NPA calls for an end to the Brexit uncertainty

The NPA has urged the Government and MPs to end the uncertainty for pig farmers, following the latest defeat for Theresa May over her Brexit plans.

MPs voted by 391 to 242 votes to reject the Prime Minister’s EU Withdrawal Agreement last night, meaning there is now less clarity than ever over the UK’s future, including its vital trading relations.

They will vote again tonight on whether to leave the EU without a deal on March 29. If, as expected, that notion is rejected, there will be a further vote on Thursday about whether to request an extension of Article 50 from the European Commission.

NPA chief executive Zoe Davies said: “Last night’s vote simply prolongs the uncertainty. It has brought the threat of a damaging no deal Brexit, if not at the end of March at some undisclosed point in the future, a step closer.

“This outcome would have potentially catastrophic consequences for the pig industry. For the good of the British pig sector, we must avoid a no deal. We need cull sow export access. We need to be able to export our breeding animals and have sustainable access to medicines. We also need to ensure a sensible trade in Ireland and to avoid a volatile pound.

“We urge MPs to see sense and work together to find some sort of agreement that brings clarity and some form of continuity to sectors like ours.

“We can’t overstate the impact the uncertainty is having on the sector in terms of stifling investment and, above all, confidence. It is impossible to plan for the future when we don’t know what that future looks like.”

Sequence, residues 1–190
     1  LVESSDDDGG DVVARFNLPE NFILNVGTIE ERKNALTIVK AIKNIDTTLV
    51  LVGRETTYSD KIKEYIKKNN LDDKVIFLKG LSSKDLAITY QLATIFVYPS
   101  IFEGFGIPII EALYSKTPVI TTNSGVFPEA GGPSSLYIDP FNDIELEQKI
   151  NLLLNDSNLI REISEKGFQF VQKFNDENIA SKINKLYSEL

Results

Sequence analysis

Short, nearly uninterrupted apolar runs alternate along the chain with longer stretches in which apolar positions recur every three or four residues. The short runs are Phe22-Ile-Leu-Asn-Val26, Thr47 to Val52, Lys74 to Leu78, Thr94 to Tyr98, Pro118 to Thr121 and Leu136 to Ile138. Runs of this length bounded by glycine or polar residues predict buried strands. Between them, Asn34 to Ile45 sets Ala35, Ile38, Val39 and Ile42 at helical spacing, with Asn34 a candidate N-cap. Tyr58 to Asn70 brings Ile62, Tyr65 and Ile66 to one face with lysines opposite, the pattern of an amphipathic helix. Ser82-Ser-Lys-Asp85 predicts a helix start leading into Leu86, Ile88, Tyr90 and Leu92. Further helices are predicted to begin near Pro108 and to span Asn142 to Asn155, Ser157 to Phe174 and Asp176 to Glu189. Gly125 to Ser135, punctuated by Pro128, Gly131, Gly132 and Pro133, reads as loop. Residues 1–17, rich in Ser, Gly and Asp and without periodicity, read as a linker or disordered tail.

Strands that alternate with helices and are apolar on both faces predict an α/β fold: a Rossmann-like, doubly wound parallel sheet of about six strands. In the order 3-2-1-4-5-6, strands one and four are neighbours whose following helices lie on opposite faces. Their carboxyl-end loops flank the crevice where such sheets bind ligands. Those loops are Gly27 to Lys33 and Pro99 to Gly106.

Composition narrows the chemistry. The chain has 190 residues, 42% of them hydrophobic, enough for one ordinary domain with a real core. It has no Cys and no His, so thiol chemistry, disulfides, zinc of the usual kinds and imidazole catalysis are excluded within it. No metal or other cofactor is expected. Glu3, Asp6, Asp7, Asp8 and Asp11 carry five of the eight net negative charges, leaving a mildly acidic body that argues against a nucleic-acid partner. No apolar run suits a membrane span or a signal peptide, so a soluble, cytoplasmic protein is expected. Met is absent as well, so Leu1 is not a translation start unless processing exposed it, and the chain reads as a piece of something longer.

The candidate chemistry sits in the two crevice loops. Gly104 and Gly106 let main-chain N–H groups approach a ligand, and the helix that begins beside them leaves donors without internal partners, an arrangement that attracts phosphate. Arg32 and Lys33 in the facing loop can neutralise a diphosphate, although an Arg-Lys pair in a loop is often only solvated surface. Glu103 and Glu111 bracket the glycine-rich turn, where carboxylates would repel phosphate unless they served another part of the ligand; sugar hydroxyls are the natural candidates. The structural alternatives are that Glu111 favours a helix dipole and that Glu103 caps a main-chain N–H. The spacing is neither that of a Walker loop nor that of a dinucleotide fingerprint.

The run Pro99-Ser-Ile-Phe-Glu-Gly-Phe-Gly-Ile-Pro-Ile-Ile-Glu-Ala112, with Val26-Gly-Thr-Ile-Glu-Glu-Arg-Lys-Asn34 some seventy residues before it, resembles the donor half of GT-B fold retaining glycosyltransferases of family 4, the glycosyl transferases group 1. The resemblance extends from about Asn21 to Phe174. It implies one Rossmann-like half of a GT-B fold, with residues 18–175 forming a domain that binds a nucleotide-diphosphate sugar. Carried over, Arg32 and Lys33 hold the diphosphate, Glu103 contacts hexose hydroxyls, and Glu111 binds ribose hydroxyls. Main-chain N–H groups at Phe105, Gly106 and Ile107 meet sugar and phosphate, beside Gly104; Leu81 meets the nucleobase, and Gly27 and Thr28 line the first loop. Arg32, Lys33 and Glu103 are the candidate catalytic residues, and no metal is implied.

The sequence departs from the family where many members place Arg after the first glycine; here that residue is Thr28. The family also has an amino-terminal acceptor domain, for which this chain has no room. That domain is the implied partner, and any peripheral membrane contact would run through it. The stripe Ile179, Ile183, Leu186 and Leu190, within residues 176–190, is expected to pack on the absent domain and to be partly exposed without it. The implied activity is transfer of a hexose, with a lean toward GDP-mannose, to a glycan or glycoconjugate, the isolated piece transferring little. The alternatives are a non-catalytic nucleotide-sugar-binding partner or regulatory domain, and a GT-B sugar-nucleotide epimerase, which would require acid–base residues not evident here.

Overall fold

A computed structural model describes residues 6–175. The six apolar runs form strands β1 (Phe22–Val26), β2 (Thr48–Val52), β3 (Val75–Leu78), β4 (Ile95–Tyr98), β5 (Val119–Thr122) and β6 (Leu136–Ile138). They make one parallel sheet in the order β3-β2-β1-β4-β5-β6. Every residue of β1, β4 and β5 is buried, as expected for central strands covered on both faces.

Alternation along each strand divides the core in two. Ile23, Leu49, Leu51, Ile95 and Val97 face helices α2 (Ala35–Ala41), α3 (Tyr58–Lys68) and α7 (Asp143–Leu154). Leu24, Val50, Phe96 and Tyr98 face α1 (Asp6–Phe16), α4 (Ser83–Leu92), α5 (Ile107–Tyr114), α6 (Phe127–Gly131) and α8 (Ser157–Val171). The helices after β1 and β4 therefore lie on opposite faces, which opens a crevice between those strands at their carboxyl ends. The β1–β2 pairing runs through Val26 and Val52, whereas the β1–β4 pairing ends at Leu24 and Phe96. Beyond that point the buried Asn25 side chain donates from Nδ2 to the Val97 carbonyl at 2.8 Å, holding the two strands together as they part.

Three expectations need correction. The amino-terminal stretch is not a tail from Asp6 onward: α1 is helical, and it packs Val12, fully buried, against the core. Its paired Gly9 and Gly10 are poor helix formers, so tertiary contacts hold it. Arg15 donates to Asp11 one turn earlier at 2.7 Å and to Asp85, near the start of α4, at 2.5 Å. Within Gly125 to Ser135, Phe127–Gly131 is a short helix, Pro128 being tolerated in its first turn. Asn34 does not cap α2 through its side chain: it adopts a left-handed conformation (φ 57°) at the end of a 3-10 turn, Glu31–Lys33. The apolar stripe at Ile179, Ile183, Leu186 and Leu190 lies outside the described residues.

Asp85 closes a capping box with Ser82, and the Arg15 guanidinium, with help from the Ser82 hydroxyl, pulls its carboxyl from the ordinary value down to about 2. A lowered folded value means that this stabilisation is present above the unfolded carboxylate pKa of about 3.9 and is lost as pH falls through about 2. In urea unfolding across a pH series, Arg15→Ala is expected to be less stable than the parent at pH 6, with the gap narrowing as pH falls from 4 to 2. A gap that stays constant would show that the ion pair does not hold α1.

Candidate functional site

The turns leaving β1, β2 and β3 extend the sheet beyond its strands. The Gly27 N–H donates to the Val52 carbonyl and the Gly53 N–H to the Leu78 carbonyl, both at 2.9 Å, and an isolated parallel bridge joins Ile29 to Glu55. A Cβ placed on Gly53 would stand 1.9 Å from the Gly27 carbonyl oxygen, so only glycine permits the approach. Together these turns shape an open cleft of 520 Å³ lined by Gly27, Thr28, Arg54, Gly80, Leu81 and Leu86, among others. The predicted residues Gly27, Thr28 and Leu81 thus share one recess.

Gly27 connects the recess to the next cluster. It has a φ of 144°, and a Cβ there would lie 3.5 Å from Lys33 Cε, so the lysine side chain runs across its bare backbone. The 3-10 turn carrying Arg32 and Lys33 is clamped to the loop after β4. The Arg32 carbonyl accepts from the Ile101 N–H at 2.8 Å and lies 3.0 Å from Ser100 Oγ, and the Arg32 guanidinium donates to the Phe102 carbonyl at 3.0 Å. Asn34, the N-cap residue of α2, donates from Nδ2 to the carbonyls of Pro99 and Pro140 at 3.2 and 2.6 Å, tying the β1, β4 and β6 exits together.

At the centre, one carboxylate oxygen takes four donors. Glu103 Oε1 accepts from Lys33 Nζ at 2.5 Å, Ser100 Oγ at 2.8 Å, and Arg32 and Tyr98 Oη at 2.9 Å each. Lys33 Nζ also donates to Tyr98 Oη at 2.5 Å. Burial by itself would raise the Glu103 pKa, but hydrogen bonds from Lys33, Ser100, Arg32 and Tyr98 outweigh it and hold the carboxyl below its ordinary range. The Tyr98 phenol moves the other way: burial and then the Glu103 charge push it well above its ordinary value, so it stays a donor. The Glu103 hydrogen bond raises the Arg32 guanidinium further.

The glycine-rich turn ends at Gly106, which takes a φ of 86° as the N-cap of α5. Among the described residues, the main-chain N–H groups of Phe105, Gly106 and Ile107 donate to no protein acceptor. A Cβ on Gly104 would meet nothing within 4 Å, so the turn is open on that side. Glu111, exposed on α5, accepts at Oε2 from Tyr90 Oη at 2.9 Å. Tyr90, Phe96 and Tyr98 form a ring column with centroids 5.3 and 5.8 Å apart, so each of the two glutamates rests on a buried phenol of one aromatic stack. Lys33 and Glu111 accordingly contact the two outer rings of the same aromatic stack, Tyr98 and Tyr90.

The Government has today published its plans for the UK’s import tariff regime in the event of a no deal. While 87% of imports would be tariff-free, there is some protection for agricultural products, including pork.

NPA senior policy advisor Ed Barker said: “We welcome the fact we have some kind of protections on imports in the event of a no deal, especially on the high value cuts such as loin and leg. In this scenario, pork could be coming in from anywhere in the world, so some protection to prevent the market being flooded and undermining domestic production is essential.

“While far from perfect, this represents something of a win for NPA. At one stage it looked like there would not be any protection all all, but we made a strong argumemt about why some tariffs must be retained. The outcome is much more favourable than appeared likely a few weeks ago.”

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About The Author

Editor of LBM titles Pig World and Farm Business and group editor of Agronomist and Arable Farmer. National Pig Association's webmaster. Previously political editor at Farmers Guardian for many years and also worked Farmers Weekly. Occasional farming media pundit. Brought up on a Leicestershire farm, now work from a shed in the garden in Oxfordshire. Big fan of Leicester City and Leicester Tigers. Occasional cricketer.